When Double Down retired, Colton kept booking herself as a solo.  She decided she needed to take the next step and record a CD of her original music.  That was when she started working at songwriting with Ted Wellenc, and recruiting her friend, Sam Patterelli, to play bass on the tracks.  She was invited to play songwriters nights at clubs and cafes where she gained more experience playing her own music.  

“It's hard to transition from playing covers and songs that people know to going back to trying to interest people in listening to stuff they've never heard before.  You have to work to draw them in.”  She opened for some well known touring artists like Chris Smithers and Bob Halligan at another music venue called Happy Endings.  Moving on from solo performances, Colton began appearing with Patterelli on bass and percussionist Julius Williams and others.  Performing as Donna Colton and the Troublemakers, they played covers and mixed in her original tunes.  Soon fans who came out for the Troublemakers were regularly requesting Colton's original tunes.  




In 1996, Colton recorded her first original CD named Black and Blue Elaine.  That was the title track written by both Ted Wellenc and Donna Colton.  Colton has recorded songs written by other local artists including Arty lenin, Gary Frenay, Lisa Martino, Greg Allen, Leo Visconti, another cousin.   She's recorded tunes and sung backing vocals for and with Loren Barrigar.  These artists gave permission for her to record their tunes.  “We consider ourselves lucky to be in a town that has some great songwriters,” Colton says.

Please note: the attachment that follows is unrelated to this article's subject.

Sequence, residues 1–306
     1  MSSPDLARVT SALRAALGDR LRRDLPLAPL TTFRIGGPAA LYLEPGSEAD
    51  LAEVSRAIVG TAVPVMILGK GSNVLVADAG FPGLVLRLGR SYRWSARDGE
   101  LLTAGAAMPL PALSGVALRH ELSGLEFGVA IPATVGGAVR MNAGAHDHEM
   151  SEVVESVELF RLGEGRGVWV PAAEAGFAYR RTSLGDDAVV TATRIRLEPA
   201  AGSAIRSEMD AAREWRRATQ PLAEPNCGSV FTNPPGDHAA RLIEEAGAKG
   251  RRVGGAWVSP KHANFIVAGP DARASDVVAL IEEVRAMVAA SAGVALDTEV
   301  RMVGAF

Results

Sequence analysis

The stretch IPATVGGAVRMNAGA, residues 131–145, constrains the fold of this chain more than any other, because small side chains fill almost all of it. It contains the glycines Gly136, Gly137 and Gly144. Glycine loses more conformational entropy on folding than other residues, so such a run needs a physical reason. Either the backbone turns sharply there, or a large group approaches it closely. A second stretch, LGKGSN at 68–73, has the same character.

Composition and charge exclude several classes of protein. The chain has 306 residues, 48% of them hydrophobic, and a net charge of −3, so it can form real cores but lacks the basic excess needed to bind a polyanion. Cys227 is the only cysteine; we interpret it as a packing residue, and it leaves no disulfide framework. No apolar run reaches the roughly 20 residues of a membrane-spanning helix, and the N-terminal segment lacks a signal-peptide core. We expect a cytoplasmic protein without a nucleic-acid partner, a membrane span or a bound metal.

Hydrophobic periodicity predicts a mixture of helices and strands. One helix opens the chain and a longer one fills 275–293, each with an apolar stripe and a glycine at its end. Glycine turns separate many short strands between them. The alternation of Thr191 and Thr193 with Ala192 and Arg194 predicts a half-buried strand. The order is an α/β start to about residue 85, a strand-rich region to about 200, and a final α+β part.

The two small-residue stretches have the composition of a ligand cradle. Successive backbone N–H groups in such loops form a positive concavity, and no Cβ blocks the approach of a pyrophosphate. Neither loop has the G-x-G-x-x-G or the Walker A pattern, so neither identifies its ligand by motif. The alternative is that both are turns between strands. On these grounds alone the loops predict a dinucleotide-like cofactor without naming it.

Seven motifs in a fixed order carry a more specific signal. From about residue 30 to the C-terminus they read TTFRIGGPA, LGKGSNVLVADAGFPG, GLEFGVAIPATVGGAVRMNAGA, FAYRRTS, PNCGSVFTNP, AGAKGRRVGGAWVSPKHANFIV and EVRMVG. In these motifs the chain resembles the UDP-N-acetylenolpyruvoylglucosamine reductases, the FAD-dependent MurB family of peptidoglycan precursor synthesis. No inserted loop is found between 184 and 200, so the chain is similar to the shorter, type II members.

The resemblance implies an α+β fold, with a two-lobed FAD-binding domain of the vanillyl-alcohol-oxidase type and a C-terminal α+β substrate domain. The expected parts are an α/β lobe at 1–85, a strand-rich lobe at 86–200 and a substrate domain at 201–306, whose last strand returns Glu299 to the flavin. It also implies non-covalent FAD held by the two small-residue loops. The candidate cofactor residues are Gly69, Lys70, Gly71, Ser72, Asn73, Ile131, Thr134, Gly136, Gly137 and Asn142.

Nowadays, Donna and Sam are married and Patterelli performs with Colton on bass, acoustic, electric and baritone guitars.  He's been known to play a harmonica solo or two and sing backup vocals.  

After releasing Black and Blue Elaine on her own Red Lip Records label, Colton started making trips to Nashville with Wellenc to connect with writers, artists, venues and publishers in the music town.  
Then in 1997, while she was busy working a day job, writing songs and performing, a family tragedy occurred.  A late night call from a detective in Los Angelestold her that her brother, Daniel, had been murdered.  Information related to the murder was that a car had driven into an alleyway known for drug dealing.  Daniel had ridden his bike into the alley and leaned into the driver's side window.  He was shot five times in the chest, and died. He was 31 years old.  
The death of her baby brother was devastating for Colton.  After the tears and grief subsided, she wrote the song, Oh Brother.  It was a process of trying to understand and manage the anger and excruciating feeling of loss.  
“ I hear from so many fans that it's a song that they love and relate to so much,” says Colton, “All of us have a troubled soul in our lives, and I think that's why people feel this song.”